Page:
The issue of sustainability has become an increasingly important aspect of industrial production in recent years. As the world struggles with the challenges of climate change and resource scarcity, innovative solutions are needed to minimize environmental impact. One of these promising solutions is additive manufacturing, commonly known as 3D printing. 3D printing has the potential to revolutionize the manufacturing landscape by offering unprecedented benefits in terms of sustainability, waste reduction and increased efficiency. In particular, 3D conveyor belt printing, which is instrumental in automating and thus validating AM as a full-fledged manufacturing medium, is a promising innovation in the field. In this blog post, we will dive into the world of additive manufacturing and explore how 3D belt printers, in particular, are paving the way for a greener and more sustainable future.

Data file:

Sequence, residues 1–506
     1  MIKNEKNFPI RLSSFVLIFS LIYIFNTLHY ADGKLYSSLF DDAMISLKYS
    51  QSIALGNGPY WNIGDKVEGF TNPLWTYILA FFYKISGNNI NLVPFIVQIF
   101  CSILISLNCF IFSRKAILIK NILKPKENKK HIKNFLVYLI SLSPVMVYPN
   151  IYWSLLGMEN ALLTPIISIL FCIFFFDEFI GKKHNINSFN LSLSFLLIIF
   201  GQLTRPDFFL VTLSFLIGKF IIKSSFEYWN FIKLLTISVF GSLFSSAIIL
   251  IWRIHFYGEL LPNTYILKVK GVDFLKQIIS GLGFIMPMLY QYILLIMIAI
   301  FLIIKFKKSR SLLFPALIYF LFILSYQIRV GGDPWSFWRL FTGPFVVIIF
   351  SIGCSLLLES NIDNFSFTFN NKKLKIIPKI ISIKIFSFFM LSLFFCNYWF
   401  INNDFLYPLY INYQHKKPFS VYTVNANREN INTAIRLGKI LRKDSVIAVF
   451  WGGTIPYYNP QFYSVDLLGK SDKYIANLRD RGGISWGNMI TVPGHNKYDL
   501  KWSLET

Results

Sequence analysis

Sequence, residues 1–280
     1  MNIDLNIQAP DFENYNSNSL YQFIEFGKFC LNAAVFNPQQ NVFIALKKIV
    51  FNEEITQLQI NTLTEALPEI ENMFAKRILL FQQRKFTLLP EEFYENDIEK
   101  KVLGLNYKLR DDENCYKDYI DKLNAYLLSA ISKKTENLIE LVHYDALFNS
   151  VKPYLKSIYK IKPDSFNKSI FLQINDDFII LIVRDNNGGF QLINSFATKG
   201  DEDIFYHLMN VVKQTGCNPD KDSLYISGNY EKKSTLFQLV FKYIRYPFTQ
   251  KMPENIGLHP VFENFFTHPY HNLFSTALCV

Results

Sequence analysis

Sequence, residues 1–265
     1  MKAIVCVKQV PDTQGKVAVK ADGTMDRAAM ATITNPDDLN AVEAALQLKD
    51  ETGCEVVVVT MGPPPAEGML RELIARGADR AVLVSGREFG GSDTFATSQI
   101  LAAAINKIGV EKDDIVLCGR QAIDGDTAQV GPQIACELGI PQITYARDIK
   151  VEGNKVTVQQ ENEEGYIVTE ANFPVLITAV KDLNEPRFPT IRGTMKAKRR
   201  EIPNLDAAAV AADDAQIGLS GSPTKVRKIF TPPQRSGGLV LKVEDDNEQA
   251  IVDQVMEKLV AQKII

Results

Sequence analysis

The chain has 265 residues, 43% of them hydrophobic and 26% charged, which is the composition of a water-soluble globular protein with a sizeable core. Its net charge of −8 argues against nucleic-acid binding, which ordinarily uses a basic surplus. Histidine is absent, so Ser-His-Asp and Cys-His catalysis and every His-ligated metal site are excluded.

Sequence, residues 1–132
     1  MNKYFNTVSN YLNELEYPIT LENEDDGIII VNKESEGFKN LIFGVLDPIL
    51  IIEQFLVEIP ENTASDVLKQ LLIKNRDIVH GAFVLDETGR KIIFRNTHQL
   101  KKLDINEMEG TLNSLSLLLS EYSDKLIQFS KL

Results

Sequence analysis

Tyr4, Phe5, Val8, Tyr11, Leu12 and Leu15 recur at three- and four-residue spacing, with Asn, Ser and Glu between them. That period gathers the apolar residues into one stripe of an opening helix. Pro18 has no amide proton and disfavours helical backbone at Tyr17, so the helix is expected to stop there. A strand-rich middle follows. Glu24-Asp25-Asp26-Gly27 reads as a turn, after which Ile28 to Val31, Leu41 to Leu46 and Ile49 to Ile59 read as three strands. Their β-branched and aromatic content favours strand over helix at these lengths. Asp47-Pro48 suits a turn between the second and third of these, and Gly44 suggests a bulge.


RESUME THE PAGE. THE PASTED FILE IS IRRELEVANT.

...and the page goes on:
Unleashing the power of additive manufacturing
Additive manufacturing is a transformative manufacturing process that produces three-dimensional objects by layering materials based on a digital design. Unlike traditional subtractive manufacturing, in which materials are cut away or abraded to create the desired shape, additive manufacturing builds objects layer by layer. This controlled addition of material results in minimal waste creation. By using this cutting-edge technology, manufacturers can produce complex components and products more efficiently and sustainably, eliminating many of the limitations associated with traditional manufacturing methods. To date, however, 3D printing represents only a microscopic portion of the overall manufacturing world. Of the global manufacturing volume, it accounted for just 0.047%* as of 2019. And even though the trend has since moved further toward additive manufacturing, 3D printing continues to lack the effective resonance that its potential would actually demand.
The rise of the 3D belt printers